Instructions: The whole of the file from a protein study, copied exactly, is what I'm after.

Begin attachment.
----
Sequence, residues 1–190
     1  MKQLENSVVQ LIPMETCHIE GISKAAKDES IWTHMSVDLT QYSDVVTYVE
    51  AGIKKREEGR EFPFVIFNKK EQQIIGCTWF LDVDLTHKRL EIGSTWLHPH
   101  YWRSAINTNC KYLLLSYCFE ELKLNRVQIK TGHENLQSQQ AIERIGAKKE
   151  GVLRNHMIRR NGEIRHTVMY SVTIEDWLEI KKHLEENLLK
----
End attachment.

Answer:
Sequence, residues 1–190
     1  MKQLENSVVQ LIPMETCHIE GISKAAKDES IWTHMSVDLT QYSDVVTYVE
    51  AGIKKREEGR EFPFVIFNKK EQQIIGCTWF LDVDLTHKRL EIGSTWLHPH
   101  YWRSAINTNC KYLLLSYCFE ELKLNRVQIK TGHENLQSQQ AIERIGAKKE
   151  GVLRNHMIRR NGEIRHTVMY SVTIEDWLEI KKHLEENLLK